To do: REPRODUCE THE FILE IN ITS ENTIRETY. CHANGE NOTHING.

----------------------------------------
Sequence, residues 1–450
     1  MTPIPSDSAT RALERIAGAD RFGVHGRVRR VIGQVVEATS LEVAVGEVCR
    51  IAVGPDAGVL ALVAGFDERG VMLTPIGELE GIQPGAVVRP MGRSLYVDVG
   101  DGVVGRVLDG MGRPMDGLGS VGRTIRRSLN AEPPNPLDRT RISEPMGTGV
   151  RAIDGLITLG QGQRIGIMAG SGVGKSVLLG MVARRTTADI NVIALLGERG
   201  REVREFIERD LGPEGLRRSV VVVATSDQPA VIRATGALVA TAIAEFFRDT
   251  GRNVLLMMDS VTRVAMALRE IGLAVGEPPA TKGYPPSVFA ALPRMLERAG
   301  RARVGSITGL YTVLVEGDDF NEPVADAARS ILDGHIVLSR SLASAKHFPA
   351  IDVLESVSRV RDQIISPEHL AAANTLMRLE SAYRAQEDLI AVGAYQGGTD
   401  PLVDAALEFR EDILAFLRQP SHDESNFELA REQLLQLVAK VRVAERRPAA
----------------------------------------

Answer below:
Sequence, residues 1–450
     1  MTPIPSDSAT RALERIAGAD RFGVHGRVRR VIGQVVEATS LEVAVGEVCR
    51  IAVGPDAGVL ALVAGFDERG VMLTPIGELE GIQPGAVVRP MGRSLYVDVG
   101  DGVVGRVLDG MGRPMDGLGS VGRTIRRSLN AEPPNPLDRT RISEPMGTGV
   151  RAIDGLITLG QGQRIGIMAG SGVGKSVLLG MVARRTTADI NVIALLGERG
   201  REVREFIERD LGPEGLRRSV VVVATSDQPA VIRATGALVA TAIAEFFRDT
   251  GRNVLLMMDS VTRVAMALRE IGLAVGEPPA TKGYPPSVFA ALPRMLERAG
   301  RARVGSITGL YTVLVEGDDF NEPVADAARS ILDGHIVLSR SLASAKHFPA
   351  IDVLESVSRV RDQIISPEHL AAANTLMRLE SAYRAQEDLI AVGAYQGGTD
   401  PLVDAALEFR EDILAFLRQP SHDESNFELA REQLLQLVAK VRVAERRPAA